Is Self-Interest Enough?

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By Howard Nemon

Capitalism boasts of its ability to motivate people to produce more wealth which, in turn, benefits everyone. While the latter part of this equation seems doubtful given the persistent concentration of wealth over the last 200 years[1] [2], the motivational aspect of capitalism may be worth discussing. We cannot deny that there are strong incentives in capitalism which are embodied in the idea of self-interest. We all naturally act to benefit ourselves and so, as the argument goes, by giving people ample scope to pursue their self-interest, the economy is benefitted. But there are some problems with this idea.

First, self-interest is an extremely broad concept. It may include such diverse activities as satisfying our basic needs, watching a theatrical performance, walking in nature, sacrificing oneself for a cause, building a new relationship, or even committing a crime. Adam Smith, an 18th century Scottish philosopher and economist, emphasized the idea of “rational self-interest”, which refers to behavior that is economically beneficial and, in Smith’s understanding, “prudent”. Smith coupled self-interest with the virtue of prudence, a term that encompassed many moral and social nuances from his era. On its own, self-interest is open to multiple interpretations, and it is difficult to discern what exactly it refers to, whether it is rational or prudent, or merely selfish.

Second, self-interest without any type of moral bearing will inevitably default into anti-social and unsustainable economic behavior. Smith may have been a prudent fellow, and so may have his friends, but across the economic landscape today, prudence or any other ethical behavior is in short supply. Modern capitalism has basically stripped the economy of any moral moorings and set it adrift on a limitless ocean of profit maximization. Accumulating profit has become the end-all of economic motivation and purpose. According to Jeffrey Sachs[3], capitalism bereft of morality leads to the breakdown of competition, increasing wealth inequality, and environmental unsustainability, among other economic dysfunctions. And that’s the short list.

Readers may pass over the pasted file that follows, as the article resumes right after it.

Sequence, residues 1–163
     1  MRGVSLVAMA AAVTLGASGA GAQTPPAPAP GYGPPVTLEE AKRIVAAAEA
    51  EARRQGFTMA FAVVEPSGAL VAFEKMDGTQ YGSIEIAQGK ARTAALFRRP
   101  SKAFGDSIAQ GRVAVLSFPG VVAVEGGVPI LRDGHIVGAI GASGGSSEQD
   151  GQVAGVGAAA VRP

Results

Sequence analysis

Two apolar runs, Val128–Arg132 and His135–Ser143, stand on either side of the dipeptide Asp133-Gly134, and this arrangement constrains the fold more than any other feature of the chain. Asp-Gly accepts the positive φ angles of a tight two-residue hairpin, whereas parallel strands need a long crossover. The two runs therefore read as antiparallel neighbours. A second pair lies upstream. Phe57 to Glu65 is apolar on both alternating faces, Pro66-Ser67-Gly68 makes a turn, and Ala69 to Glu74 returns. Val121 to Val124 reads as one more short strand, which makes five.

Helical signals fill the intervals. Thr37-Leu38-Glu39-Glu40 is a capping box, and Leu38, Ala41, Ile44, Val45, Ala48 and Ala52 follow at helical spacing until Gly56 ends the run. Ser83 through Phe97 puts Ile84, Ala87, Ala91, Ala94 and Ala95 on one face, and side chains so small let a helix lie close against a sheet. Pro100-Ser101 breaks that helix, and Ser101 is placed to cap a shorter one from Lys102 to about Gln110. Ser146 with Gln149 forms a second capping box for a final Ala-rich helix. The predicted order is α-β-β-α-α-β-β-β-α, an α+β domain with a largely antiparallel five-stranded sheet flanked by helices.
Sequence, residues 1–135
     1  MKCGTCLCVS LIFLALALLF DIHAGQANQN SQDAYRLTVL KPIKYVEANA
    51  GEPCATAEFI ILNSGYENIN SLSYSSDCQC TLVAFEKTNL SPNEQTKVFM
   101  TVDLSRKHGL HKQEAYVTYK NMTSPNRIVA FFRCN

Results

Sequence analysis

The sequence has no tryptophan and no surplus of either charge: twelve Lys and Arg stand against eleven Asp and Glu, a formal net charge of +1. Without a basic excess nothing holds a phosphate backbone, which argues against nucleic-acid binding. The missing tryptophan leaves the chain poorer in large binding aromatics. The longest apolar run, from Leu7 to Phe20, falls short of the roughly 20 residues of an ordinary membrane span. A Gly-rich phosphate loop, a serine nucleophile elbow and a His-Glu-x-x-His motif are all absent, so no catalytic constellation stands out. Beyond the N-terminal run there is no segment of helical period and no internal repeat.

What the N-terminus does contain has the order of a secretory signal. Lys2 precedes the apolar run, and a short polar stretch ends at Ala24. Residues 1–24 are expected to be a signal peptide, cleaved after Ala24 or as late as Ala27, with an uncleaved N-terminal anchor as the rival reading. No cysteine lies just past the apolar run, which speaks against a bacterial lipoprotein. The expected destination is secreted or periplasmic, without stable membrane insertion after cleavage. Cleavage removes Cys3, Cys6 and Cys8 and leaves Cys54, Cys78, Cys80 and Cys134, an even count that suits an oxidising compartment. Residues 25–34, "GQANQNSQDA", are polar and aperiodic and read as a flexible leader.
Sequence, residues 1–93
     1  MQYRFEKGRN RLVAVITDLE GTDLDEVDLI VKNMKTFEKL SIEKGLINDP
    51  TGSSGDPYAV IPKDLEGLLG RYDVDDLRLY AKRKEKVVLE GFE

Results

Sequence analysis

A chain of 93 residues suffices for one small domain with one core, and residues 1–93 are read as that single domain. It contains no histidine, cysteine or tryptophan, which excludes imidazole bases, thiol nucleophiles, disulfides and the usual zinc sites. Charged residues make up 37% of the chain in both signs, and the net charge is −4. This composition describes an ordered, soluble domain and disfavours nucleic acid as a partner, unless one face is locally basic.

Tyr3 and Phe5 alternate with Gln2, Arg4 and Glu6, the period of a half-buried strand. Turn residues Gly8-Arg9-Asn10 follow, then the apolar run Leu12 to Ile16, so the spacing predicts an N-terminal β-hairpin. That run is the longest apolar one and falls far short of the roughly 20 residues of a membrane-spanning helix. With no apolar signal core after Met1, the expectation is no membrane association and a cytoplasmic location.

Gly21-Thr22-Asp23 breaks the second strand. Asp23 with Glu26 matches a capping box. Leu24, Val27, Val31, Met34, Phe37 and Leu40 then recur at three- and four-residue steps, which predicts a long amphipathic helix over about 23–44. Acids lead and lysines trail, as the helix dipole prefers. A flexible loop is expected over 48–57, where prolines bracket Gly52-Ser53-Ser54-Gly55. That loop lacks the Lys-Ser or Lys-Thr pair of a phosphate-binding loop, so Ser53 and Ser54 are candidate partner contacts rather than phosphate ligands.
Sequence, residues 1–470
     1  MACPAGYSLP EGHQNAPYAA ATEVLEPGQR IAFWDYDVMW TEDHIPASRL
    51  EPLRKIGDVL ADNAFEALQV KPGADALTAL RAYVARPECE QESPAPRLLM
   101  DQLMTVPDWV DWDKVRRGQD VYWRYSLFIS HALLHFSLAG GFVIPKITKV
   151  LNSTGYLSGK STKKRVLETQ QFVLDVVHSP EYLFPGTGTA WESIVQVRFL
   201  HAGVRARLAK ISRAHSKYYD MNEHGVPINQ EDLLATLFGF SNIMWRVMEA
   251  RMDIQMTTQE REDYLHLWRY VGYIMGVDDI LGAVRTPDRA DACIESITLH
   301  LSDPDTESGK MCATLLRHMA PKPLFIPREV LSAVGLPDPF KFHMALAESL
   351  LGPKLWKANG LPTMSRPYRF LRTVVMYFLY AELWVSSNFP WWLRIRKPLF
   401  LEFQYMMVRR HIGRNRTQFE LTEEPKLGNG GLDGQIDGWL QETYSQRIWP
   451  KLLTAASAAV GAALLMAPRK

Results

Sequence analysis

Third, when the main reward for self-interest is greater and greater wealth accumulation, then both the individual and the collective end up losing. Everyone should be able to accumulate a certain amount of wealth to sustain their living standard.  However, when wealth accumulation becomes an end in itself, individuals lose notions of adequacy and begin to accumulate far past their needs. Being unable to satisfy their endless thirst for “more”, they end up amassing excessive fortunes that not even their great, great grandchildren will know how to utilize. Without higher aspirations in life beyond material accumulation,, the human mind degenerates and loses its balance. 

On a collective level, the constant drumming of the message of materialism in society ultimately transforms our self-interest into a frenzy for material consumption. The subtler aspects of human life— creativity, broad-mindedness, rationality, empathy and compassion—are turned into fodder for profit maximization. And the excessive accumulation that results from this materialist drive ultimately deprives the vast majority of access to sufficient resources and wealth.

Capitalism has failed to create an economy that benefits society on both the individual and collective levels. Self-interest, as its guiding motivation, lacks the conceptual clarity, ethical base, and broader understanding of human needs and aspirations. Rather than creating the most efficient economic system, self-interest has resulted in economic inequities, environmental degradation, and continual market failures. It turns the economy into a selfish free-for-all, advantaging the few who have managed to amass enough capital power to dominate the market. A healthy economy needs to balance self-interest with collective interest. This will motivate the entire humanity to create sufficient wealth for each one of us.


[1]  “The World Inequality Report 2022 presents the most up-to-date & complete data on inequality worldwide:” World Inequality Report 2022 (blog), October 20, 2021. //wir2022.wid.world/chapter-2/.

[2] UBS. “Global Wealth Report 2023 – in-Depth Data on Wealth around the World | UBS Global.” Accessed May 19, 2024. https://www.ubs.com/global/en/family-office-uhnw/reports/global-wealth-report-2023/exploring.html.

[3] Sachs, Jeffrey D. “Self-Interest, without Morals, Leads to Capitalism’s Self-Destruction.” Financial Times, January 18, 2012. https://www.earth.columbia.edu/sitefiles/file/Sachs%20Writing/2012/FinancialTimes_2012_SelfInterestWithoutMorals_01_18_12.pdf.

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